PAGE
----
90. claims should be construed “as a whole” and not by point of novelty

    It’s hard not to get the feeling sometimes that pro-software patent proponents can’t walk and chew gum at the same time.

    The point of the “claims as a whole” theory of claim construction is not to prevent people from trying to understand what the applicant contributed to the art. The point is to prevent judges and examiners from analyzing each element of a claim in view of the art separately, finding that each element is old and then declaring that the claim is unpatentable as a result of that analysis.

    As I noted upthread, the prohibitions against “point of novelty” arose in particular contexts as well. But if there is a point of novelty in a claim, there are no prohibitions against acknowledging that fact, particulary if that part of the claim is the worst written part of the claim.

  91. I don’t think this functional claiming is limited to computer implemented information processing inventions.

    I know I took a class on mechanical claiming where we read the Fed. Cir. cases that held that the language was 112, 6. The game was to write a claim as close as possible to 112, 6 without going over.

    That was for mechanical. Somehow or another I am pretty sure that bio/chem applications are written in the same way where possible.

  92. Gut feeling from many decades of private practice

    I figured. That would be a difficult study to perform.

    In any case, your “gut feeling” is similar to mine: there isn’t “continued growth” in the use of m+f claiming, whether at the point of novelty or elsewhere. It’s diminishing.

    Perhaps Dennis is referring to the use of “pure” functional language which has been used by applicants forever but especially heavily (nearly universally) exploited by applicants for computer-based patents. The use of that language will no doubt “continue to grow” in absolute numbers unless something significant changes in the way the law is applied to such claims. But the percentage of computer-based patents which rely on functional language is not going to increase much, if at all. There’s no more room for growth.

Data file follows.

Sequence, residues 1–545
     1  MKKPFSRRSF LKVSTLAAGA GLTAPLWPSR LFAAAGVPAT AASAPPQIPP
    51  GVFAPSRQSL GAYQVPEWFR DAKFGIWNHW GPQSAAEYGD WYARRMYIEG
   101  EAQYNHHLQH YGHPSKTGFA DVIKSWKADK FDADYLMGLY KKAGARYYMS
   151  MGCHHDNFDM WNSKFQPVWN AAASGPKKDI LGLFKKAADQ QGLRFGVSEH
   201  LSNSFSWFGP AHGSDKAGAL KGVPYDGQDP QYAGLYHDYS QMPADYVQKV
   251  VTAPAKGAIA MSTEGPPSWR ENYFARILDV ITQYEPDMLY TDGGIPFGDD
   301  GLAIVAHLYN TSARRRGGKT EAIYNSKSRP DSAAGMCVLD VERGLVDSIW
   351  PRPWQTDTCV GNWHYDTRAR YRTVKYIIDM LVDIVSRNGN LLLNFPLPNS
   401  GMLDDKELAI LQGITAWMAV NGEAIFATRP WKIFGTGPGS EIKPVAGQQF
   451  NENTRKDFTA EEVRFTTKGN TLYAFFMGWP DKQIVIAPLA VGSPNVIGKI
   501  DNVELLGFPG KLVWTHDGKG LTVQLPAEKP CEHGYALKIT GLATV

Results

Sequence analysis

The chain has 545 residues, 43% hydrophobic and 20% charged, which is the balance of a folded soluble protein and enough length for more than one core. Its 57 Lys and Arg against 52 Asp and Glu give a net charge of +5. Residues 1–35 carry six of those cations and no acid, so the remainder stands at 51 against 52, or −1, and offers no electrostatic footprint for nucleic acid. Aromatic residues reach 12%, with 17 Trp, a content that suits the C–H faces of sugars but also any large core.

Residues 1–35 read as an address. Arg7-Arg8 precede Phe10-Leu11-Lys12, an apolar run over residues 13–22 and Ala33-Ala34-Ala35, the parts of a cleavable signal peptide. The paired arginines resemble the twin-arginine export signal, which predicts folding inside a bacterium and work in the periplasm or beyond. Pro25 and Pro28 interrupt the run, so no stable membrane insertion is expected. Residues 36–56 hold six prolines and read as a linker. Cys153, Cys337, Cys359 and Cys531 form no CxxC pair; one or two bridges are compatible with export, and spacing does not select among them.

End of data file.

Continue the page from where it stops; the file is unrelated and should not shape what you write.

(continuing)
93. Then why don’t you ever show that ‘mastery?’

    If you disagree with something I wrote, anon, maybe you could just say so and explain why you believe I’m wrong.

    Try that for a change instead of spewing insults.

  94. Quite in fact the regulations demand that the specification be both read and understood prior to looking at the claims.

    Examination has never been limited to claims and claims alone.

  95. Judge Moore will be the Chief soon, and if this outlying case is any indication, claim interpetation will change considerably. Precedent jarring decisions like this however, should be en banc’d down, and quickly. But that will not happen. It will be allowed to stay there, as a lifesaving ring for the infrequent appellant to reach for, only to eventually die in the mists of time due to infrequent use.

    The lack of a coherent landscape keeps so many guides employed. So, thank you Fed Cir.

  96. Well said, but I think these “professors” are intentionally misrepresenting facts. I think this “professor” knows what this would mean and the intent is to hamstring software patents at the cost of academic integrity (but another Lemley spawn so what do you expect.)

  97. That’s the flip side of making PHOSITA nearly omniscient.

    An example: “programmed to” is structural because software really does work to change a machine. See Alappat.

    Once that is accepted, minute detail of that structure simply is not required.

  98. And, I know Lemley didn’t write it. Dippy doodle wrote it and he is a Lemley spawn. (So, we can expect years of amoral nonsense from Dippy Doodle.)

  99. Yes, what dippy doodle leaves out is the POSITA. Lemley is great at attacking at every angle he can. He is just like a litigator, but publishing his briefs in “law journals” aka the vanity press of the paid whores.

  100. Good post. The “author” ignores that patent applications are supposed to be concise and only contain what is needed for 112. POSITA is supposed to interpret the claims in light of the specification. If I had to write every embodiment that a POSITA would see in a set of claim in light of the spec, each patent application would be like 12000 pages long.

    ===above is the key point the author is intentionally misrepresenting ==========

  101. The authors proposal is the following:
    Claims are not written to directly delineate the boundaries of exclusion. Claims highlight subsets of the embodiments disclosed in the specification.